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    $\begingroup$ Regarding the generalization with $k\geq 2$: Using essentially the same techniques and that $p_{n+1}^{k+1}-p_n^{k+1}=(p_{n+1}-p_n)(p_{n+1}^k+\dots+p_n^k)=(p_{n+1}-p_n)((k+1)p_n^k + O_k(p_n^{k-1}))$, it would again be possible to prove a lower bound of the right order of magnitude for the alternating sum of $k$-th powers of primes. $\endgroup$ – rlo May 2 '14 at 16:20
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    $\begingroup$ And, I guess, regarding Ruiz's purported proof: I haven't read it, but the discussion suggests that it's replacing $p_n$ by the asymptotic $p_n\sim n\log n$. This cannot work: there are many sequences which satisfy all the properties we know primes to have (e.g., the prime number theorem), and yet are such that, using the notation from my answer, $S(N;a,q)/p_N$ can tend to any value in $[0,1]$, or for which the limit doesn't exist, etc. To prove that $S(N;1,2) \sim p_N/2$, you have to rule out the possibility that all small prime gaps occur with odd index. But I have no idea how to do that! $\endgroup$ – rlo May 2 '14 at 16:24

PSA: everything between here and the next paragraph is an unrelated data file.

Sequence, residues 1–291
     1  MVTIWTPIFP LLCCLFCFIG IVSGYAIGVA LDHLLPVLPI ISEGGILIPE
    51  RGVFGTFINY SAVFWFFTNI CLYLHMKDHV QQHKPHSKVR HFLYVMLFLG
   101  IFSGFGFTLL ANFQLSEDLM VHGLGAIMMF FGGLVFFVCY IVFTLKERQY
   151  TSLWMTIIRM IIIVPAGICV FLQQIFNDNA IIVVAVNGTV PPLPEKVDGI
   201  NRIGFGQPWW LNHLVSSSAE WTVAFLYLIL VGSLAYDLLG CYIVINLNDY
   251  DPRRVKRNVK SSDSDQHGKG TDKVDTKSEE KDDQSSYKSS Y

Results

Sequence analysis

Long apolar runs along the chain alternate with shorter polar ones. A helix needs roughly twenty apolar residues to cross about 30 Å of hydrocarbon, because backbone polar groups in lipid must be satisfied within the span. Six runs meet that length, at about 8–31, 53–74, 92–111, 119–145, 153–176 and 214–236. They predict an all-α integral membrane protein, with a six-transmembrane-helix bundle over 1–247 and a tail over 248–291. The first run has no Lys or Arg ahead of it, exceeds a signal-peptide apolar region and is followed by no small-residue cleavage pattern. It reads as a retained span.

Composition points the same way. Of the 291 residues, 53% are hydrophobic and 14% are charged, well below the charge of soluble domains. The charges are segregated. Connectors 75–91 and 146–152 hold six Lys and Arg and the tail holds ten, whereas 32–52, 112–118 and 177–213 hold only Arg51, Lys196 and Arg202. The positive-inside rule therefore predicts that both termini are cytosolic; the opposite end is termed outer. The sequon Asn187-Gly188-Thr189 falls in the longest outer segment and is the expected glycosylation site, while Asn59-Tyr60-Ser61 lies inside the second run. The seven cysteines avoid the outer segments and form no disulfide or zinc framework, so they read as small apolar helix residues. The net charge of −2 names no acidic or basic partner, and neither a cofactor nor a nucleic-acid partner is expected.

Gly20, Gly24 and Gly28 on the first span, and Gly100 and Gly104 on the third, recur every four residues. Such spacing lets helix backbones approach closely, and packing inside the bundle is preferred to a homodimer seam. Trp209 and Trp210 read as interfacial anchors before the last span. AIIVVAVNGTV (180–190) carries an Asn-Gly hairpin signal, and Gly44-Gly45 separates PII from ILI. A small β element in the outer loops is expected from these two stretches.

As you remark, your quantity is governed by the sum of half of the prime gaps. More specifically, it's the (negative of the) sum of the odd index prime gaps. Let $$ S(N;a,q) := \sum_{n\leq N, n\equiv a\pmod{q}} p_{n+1}-p_n. $$ The quantity you are interested in is therefore $-S(N;1,2)$. Is this surely asymptotic to $-p_N/2$? Yes. Can we prove it? I don't see how. However, it is possible to prove a lower bound. This was carried out by some students, Ping Ngai Chung and Shiyu Li, that I supervised last summer. You can view their work here: http://www.mathcs.emory.edu/~ono/REUs/archive/results/REU2013ChungLi.pdf.

They prove that $$ \lim\inf_{N\to\infty} \frac{S(N;a,q)}{p_N} \geq \frac{1}{16q^2}, $$ and, if we assume the Hardy-Littlewood 2-tuples conjecture, 16 can be replaced by 2. In particular, for $S(N;1,2)$, we get an unconditional lower bound of $p_N/64$ and a conditional lower bound of $p_N/8$. Their work also extends to any set of primes with positive density.

The basic idea of the proof is this. Using sieve techniques (in this case, Selberg's sieve, but many sieves will provide some result), it is possible to show that the number of prime gaps $p_{n+1}-p_n$ that lie in the interval $[0,\delta \log p_n]$ is a small proportion of all gaps, provided $\delta>0$ is not too big; let's call this proportion $\alpha$. If we're interested in providing a lower bound for $S(N;1,2)$, say, the worst that could happen is if all of these small gaps occurred at odd indices. But then, if $\alpha<1/2$, not all odd index gaps can be this small, and so $S(N;1,2)$ has to have some positive mass. To see the details of this idea carried out, I'll refer you to Chung and Li's paper.

I'll close by remarking that their motivating question was not to understand $S(N;a,q)$, but rather the (easily seen to be equivalent) question, how often is the prime counting function $\pi(x)$ even? How often is it $a\pmod{q}$?